National Museum of Qatar
The new National Museum of Qatar (NMoQ), currently under construction, features an innovative design by Pritzker Prize-winning architect Jean Nouvel that is inspired by the desert rose which naturally grows around the original palace from the 20th century.
The starting point of the design began with the desert rose — tiny formations which crystallize below the desert’s surface. Made primarily from locally sourced and fabricated steel and concrete, the building is constructed from dozens of interlocking disk-like forms varying in curvature and diameter, suggestive of the blade-like petals of the desert rose. The disks intersect at various angles — some standing, others acting as support elements or lying horizontal, creating an uneven pile.
The layered disks of the building’s exterior are mirrored on the interior. The building provides 86,000 square feet (8,600 m2) of permanent gallery space, 21, 500 square feet (2,150 m2) of temporary gallery space, 220 seat auditorium, along with a food forum, TV studio, two cafés, a restaurant and a museum shop. Staff facilities include a heritage research center, restoration laboratories, staff offices, and collection processing and storage areas.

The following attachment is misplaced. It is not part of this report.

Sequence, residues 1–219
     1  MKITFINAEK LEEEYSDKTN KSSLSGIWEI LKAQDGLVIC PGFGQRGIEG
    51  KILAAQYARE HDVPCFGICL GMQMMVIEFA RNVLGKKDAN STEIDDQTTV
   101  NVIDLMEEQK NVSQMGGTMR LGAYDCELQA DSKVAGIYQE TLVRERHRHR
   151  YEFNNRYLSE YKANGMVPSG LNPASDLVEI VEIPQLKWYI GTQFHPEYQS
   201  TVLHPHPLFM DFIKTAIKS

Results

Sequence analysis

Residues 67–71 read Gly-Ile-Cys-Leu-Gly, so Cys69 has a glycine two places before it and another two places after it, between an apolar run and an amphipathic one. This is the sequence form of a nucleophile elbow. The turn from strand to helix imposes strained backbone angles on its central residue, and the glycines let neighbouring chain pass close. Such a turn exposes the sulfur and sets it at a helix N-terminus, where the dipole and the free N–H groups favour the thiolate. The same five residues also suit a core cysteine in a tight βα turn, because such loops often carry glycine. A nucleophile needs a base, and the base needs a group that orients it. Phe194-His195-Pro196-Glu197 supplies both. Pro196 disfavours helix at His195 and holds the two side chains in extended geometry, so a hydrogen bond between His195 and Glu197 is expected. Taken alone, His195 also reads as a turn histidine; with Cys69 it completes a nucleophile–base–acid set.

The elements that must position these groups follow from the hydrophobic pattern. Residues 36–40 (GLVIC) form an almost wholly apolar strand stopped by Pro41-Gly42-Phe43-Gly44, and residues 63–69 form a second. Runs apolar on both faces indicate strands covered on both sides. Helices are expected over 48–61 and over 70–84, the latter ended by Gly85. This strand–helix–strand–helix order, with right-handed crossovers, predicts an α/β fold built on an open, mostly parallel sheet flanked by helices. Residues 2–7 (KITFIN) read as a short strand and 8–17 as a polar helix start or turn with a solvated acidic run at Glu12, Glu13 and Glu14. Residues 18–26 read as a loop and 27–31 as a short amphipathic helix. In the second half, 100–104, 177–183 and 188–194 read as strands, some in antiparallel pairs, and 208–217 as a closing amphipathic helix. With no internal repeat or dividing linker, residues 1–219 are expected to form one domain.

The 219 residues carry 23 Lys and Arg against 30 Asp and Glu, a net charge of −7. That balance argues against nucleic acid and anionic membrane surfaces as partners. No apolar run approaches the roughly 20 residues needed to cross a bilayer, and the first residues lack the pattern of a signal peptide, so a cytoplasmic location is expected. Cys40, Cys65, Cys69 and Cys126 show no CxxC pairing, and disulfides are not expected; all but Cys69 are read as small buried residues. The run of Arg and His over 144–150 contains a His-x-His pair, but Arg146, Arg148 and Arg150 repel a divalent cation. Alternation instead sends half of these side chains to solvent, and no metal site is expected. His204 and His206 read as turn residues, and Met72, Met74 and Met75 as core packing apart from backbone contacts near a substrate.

Terrazzo flooring was installed around the permanent gallery space, temporary gallery space, VIP entrances, as well as the public area, security pavilions, and main entrances. Stairs at the public areas were clad with almost 3,000 Lf (1000 LM) of precast terrazzo steps. Tread and risers were molded together into one piece with a thickness of 2” (50mm), 14” for elevator flooring, and 1200 precast pieces for the access panel of the electrical floor boxes.
The terrazzo floor design was a combination of approximately 25,000 connected circles designed with different diameters that covers all of the terrazzo scope. The total buildup of the terrazzo floor was 3/8” thick (10 mm) of epoxy terrazzo, designed with sand-colored epoxy and architectural microchip marble aggregates. 1/8” divider strips form the connected circles. The floor was then finished with matte sealant. Installed on the top of 2” architectural slab of dry mixed screed no movement we installed on the terrazzo level due to some design directions by the architect. The movement joints we replaced by crack inducers at the screed level directly under the zinc alloy divider strips.
The main challenge on this project, besides the sloped floor which starts at Gallery 1 and lowers and rises towards Gallery 12, was the methodology of handling the placement of the terrazzo floor over an air-conditioned floor (Radiant Floor) that uses a plenums system which blows cold air into the galleries through a large number of openings around the designed floor.